Review Summary: thirteen o'clockThe Night Is…
plays with my perception of time. That’s not to say that it makes it pass quicker when I listen, or even that it removes me from the realm of caring; it’s more to say that I become hyper-aware of the phenomenon. It’s deliberate, I assume – for when Lockstep
arrives, it does so as though it’s found itself in a quiet room with only the sound of a grandfather clock’s ticking to guide it into fruition. The record doesn’t begin with Begin
and it doesn’t end with End
, which seems to immediately illustrate a reshuffling of events, and that time
in this world – a jutted, fractured line here as opposed to a straight one – runs against the grain of the time in ours.
should be the conclusion, the final episode, for a number of reasons, but it resolutely is not. Not least for its title, implying denouement and closure, but for its length (it closes in on ten minutes) and its atmosphere. It’s neo-classical music for the twilight zone – brooding and ominous, with buzzsaw growls standing off against delicate violin drones, and for what" The clamour marks no endpoint, instead leading us out into a morning drizzle. Freed from underneath Descent's
hulking debris, Vale
is a new beginning, taking place in the very middle of proceedings.
But there are
constants, despite different backdrops, despite different timezones. The cello and the double-bass patiently and calmly control the soundscapes. The former's drone throughout Infestation
is like a door creaking slowly ajar, revealing a cracked and decaying place, overran by flies swarming the open wounds of dead bodies; starved for life, not for irony. But then Copra
are somehow the liveliest pieces on the record, punctuated by the percussive plucking of the double bass, as strings tangle themselves up in a thicket of noise. And jarring though the transition may be, it works, because in lieu of a singular theme, there's that singular anchor -- the instrumental palette of oaks and blues, painting this record like it's a symphony performed in a library.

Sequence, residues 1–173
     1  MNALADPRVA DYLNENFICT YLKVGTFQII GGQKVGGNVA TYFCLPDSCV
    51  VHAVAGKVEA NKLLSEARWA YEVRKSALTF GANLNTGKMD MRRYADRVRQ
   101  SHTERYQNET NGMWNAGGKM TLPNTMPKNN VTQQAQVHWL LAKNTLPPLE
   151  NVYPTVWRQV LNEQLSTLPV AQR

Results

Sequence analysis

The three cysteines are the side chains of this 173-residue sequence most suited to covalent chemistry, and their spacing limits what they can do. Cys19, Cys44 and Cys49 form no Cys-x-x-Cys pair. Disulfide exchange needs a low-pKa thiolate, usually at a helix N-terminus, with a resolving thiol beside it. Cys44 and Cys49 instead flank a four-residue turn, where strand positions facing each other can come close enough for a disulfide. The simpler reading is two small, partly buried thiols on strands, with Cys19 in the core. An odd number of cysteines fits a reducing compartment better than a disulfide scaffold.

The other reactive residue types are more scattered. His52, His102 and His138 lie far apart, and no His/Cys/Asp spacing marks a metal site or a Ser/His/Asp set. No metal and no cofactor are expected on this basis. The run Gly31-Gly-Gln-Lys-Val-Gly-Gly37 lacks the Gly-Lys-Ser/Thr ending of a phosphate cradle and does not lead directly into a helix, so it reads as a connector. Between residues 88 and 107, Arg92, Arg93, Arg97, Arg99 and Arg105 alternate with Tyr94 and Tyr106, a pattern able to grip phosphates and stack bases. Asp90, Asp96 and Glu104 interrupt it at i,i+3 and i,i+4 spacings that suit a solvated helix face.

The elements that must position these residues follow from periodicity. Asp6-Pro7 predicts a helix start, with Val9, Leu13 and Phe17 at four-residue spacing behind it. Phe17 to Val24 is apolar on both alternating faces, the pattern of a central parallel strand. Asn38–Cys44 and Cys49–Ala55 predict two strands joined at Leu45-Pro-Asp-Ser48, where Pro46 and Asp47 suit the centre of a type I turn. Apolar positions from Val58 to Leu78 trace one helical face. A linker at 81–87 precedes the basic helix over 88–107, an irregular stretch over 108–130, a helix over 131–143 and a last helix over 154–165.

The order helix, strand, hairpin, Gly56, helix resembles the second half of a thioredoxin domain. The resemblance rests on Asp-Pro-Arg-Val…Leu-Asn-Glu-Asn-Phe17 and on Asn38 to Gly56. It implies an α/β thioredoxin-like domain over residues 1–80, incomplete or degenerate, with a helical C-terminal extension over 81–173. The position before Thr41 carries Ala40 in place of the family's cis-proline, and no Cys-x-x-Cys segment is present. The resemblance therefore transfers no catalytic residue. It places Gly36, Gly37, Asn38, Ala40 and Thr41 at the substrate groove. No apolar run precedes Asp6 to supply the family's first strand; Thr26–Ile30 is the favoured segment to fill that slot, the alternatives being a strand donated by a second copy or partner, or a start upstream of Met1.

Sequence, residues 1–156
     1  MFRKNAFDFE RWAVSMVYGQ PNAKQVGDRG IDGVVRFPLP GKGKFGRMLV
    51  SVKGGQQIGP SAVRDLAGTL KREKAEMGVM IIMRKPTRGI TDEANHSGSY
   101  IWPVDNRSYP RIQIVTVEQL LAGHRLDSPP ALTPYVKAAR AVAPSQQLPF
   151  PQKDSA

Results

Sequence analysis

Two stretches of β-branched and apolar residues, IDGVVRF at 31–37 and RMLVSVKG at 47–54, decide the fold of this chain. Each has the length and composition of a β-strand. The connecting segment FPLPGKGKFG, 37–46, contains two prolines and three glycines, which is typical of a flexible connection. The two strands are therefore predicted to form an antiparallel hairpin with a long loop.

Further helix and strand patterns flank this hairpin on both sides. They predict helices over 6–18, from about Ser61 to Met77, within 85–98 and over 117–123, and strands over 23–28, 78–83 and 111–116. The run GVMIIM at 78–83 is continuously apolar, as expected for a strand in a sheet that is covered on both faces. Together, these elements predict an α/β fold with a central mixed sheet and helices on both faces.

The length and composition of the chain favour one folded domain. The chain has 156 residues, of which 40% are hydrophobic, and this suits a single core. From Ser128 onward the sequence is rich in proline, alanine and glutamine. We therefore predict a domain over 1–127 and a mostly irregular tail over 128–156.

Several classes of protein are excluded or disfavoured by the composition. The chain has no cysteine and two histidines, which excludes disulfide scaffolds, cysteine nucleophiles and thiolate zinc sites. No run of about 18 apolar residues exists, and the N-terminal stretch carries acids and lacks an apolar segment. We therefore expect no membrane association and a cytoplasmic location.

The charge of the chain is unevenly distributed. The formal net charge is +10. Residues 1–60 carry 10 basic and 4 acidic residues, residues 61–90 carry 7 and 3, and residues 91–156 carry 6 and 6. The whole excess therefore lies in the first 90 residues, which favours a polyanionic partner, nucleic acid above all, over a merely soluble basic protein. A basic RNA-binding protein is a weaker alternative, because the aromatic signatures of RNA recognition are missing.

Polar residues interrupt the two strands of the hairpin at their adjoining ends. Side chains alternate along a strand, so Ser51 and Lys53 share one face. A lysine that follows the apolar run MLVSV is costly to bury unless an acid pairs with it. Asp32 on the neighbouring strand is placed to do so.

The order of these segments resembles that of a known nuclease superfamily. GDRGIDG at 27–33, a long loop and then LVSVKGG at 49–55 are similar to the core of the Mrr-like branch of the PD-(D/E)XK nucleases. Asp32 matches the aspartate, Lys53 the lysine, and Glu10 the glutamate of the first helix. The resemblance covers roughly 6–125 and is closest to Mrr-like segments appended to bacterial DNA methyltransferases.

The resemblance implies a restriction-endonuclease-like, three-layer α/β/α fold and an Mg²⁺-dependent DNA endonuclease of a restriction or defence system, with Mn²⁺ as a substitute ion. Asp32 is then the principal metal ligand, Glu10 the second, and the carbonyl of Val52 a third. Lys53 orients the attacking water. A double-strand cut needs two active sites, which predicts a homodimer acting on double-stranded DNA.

Though that’s all I have on this album. I could reinstate that there are moments of menace lodged inside moments of earnestness, or that certain images seem to burn themselves into my retinae as I listen, but the truth is that The Night Is Dark, The Night Is Silent, The Night Is Bright, The Night Is Loud
is as disorienting as it is stunning. Nothing here sounds incongruent, but as a whole, it feels so. In its last (or maybe first") breaths, it feels like it’s leading into something, with a looped piano melody that rises and rises up into a cliffhanger. The sequence is one of those rare things that make more sense on its own than it does in the context of the album, but it’s not at a loss for it. It’s strangely poignant, implying that this is an album for any hour of the day -- as it discards all of them. With this little record, the night feels right
. It’s just past twelve now, but here, in my room, where the shutters are drawn and the only light is the harsh glow of this screen, I am wide awake.